I saw a presentation about another passive house in West Asheville http://thenauhaus.thewiredmouse.net/index.php this also plans to meet passive house certification. They will be using hempcrete http://www.hemtecusa.com in thier wall system which promotes itself as carbon negative. Interesting stuff and I look forward to see how both houses do and if an optimal envelope efficiency to cost can be figured. At some cost it would seem there is a reduced return on investing in envelope efficiency that might be better spent on mechanical or generation efficiency. A lot to be learned from these two houses. Go West ASheville.
Cooling vs. Heating
Rob...great blog concept(interactive)and great subject.
I am not familiar with the Asheville climate...but I can see how the cooling load can be greater in many US climates.
An Extremely High performing home (like passivhaus) should require very little energy to heat.
The house itself can effectively reduce the number of heating degree days.
My climate is different (North Texas) and I only consider my house only HALF-passive... my heating load is almost negligible...
The heat from occupants, pets and appliances is practically heating the house.
In the summer I have reduced my cooling load .. but the occupants and appliances are still heating the house(and adding moisture) during all of the hours that the outside air is not in the comfort zone.
I'm definitely not saying that Asheville has more cooling degree days, just that cooling the home will require more load than heating. That's due to the measures that the team has taken towards passive heating: appropriate window choice and placement, superinsulation, etc. Asheville's climate has more HDD than CDD.
Give us more to go by...how about more photos?
How about posting a Site plan.... floor plans,wall sections, HERS report,
Nudge your Architects to Post comments.
How about the Energy Rater .. Let's hear his/her thoughts.
oops ... on more photos
Rob, I missed the flickr link the first time I read the blog
By HERS report .... I meant preliminary.
foam and more
I am a builder in Atlanta and have been trying to figure out the insulation question for highly efficient home building. I just read today an article in the July '09 Fine Home Building on foam that has info germane to this discussion. Most importantly, that the efficiency of foam (open or closed cell) diminishes drastically beyond 3-4" thickness, so filling a 16" cavity is probably a waste of money. Also important is that installation of closed cell can be tricky, and if not applied in thin lifts causes problems. I agree with you about the issue of breathability for closed cell foam, although the manufacturers say its perm rating is as high as a piece of OSB, so maybe it's OK. Mixing other insulation in the ceiling with a good dose of foam instead of 100% foam will definitely save some serious money.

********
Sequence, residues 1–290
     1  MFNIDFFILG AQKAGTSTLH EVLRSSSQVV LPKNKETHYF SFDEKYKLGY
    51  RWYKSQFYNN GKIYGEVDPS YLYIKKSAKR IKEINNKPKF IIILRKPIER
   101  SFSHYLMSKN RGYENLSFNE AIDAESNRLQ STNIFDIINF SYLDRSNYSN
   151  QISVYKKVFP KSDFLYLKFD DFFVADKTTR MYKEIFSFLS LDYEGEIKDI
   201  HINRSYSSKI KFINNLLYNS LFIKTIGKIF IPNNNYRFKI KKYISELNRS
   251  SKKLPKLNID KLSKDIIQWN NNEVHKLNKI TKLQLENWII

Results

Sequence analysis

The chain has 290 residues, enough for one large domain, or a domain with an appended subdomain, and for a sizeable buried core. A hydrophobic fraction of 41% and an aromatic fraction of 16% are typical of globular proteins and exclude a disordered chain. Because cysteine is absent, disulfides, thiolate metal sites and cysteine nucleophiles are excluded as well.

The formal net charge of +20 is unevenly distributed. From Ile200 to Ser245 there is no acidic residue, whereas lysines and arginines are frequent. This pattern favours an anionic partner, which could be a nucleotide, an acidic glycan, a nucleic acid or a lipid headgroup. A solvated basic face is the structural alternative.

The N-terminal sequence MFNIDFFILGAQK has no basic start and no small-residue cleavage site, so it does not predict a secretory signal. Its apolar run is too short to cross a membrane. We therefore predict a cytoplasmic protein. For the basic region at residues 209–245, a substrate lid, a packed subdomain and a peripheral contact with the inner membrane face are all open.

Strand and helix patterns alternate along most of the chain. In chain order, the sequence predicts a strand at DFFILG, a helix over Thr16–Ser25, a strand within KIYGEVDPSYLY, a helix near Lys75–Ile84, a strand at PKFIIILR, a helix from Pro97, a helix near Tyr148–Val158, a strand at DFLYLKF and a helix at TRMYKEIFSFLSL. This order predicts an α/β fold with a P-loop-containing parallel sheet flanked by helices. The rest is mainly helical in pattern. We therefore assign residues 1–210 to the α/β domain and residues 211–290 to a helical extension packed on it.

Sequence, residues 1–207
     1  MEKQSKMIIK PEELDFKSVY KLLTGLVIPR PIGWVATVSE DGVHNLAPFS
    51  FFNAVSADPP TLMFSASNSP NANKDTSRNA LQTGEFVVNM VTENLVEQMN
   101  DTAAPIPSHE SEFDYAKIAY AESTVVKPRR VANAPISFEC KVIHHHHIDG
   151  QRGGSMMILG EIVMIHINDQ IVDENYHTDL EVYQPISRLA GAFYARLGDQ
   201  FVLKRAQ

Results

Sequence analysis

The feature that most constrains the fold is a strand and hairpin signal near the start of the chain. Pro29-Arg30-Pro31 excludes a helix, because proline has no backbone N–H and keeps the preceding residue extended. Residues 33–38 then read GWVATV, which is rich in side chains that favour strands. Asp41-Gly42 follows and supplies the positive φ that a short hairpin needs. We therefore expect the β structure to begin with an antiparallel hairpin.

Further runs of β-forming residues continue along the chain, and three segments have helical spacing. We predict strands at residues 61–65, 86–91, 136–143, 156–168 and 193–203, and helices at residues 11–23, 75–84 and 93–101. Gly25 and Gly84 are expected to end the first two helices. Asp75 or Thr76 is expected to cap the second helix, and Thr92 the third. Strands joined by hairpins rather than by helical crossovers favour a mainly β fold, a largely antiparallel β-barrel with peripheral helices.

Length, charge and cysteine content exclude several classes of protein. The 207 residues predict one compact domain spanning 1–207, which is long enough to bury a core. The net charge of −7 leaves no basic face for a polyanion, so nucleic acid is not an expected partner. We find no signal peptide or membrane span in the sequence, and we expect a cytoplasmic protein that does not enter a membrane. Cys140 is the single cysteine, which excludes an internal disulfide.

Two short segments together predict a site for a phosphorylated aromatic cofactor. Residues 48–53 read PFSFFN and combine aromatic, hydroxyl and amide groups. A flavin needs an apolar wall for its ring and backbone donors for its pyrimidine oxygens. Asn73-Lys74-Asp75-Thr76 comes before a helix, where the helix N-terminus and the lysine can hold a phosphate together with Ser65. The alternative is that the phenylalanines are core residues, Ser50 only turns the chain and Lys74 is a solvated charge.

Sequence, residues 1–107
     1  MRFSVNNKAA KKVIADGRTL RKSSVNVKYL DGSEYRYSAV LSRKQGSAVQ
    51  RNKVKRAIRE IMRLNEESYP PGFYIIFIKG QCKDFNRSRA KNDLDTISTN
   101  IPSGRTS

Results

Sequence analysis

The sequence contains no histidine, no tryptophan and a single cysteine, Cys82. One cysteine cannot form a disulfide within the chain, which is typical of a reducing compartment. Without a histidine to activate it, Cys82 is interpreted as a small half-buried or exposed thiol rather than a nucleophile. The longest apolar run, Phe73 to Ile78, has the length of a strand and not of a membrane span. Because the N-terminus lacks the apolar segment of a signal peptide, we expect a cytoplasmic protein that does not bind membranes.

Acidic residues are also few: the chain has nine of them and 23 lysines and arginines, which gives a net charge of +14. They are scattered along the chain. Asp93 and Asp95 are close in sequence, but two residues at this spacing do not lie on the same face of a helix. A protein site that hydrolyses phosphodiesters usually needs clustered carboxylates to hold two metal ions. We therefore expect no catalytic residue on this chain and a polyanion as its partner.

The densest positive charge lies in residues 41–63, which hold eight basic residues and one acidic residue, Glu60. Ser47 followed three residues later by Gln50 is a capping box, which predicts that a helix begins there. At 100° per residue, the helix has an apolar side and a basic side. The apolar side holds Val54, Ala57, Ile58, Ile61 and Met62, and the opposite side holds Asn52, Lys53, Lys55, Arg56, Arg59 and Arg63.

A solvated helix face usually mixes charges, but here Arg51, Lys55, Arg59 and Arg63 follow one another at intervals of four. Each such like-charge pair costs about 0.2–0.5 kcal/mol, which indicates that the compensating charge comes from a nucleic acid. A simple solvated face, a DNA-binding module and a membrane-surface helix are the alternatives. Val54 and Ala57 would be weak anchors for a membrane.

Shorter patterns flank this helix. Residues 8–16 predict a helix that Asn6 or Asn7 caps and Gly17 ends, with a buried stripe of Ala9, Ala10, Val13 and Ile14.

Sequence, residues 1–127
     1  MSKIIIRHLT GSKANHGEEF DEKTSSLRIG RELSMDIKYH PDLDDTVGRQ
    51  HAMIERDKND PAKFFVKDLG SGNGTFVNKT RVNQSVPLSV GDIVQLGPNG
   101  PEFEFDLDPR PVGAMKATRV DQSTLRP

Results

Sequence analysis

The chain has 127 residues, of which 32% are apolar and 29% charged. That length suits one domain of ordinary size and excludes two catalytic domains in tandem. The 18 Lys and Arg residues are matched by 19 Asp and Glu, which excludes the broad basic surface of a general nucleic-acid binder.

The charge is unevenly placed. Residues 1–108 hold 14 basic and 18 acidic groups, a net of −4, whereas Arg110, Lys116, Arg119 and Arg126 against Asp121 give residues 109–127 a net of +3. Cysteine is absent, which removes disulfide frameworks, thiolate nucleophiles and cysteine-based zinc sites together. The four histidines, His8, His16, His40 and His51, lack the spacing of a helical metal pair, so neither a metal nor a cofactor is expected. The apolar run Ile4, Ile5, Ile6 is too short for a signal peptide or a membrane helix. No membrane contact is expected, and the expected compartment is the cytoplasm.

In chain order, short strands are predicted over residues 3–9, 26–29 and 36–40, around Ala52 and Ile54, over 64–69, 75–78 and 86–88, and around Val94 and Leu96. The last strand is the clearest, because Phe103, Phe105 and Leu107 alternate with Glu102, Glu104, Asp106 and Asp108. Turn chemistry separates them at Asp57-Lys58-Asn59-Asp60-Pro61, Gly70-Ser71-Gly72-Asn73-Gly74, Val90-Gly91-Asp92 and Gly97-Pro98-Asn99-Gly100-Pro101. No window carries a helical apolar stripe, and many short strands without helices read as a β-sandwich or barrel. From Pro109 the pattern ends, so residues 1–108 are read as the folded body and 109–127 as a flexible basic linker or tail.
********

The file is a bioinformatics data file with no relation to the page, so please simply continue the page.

I noticed in your architectural details that the wall cavities are filled with cellulose. I would recommend foam in the walls too for the air sealing qualities it provides. Maybe do it like you are thinking for the roof with foam against the sheathing and then another type inboard of that. Notwithstanding all the elements of that wall, it will still leak some air -- unless there's foam in there to seal it all up. Owens Corning is also coming out with a new product they call Energy Complete which is spray applied to the inside of the the sheathing at all studs, seams, penetrations, etc with insulation inside of that. I'm not affiliated in any way with Owens Corning, but I thought it looked pretty slick and you can see more info at http://www.ocenergycomplete.com/system/.
Thanks for following this project for all of us. I'll be watching for more.
Great comments from everyone. I'll consolidate and address them next week. I'll also see if the building team can put their two sense in as well. This is going to be fun.
Air Barrier at the wall
I agree with Pat Morgan about reconsidering the air barrier at the wall... I don't see how the vaproshield as installed will provide "airtightness"
Vaproshield calls their product an air barrier, but I would think of it as a weather barrier. The team is air sealing the envelope to ensure a tight envelope and not relying on the membrane to do that job.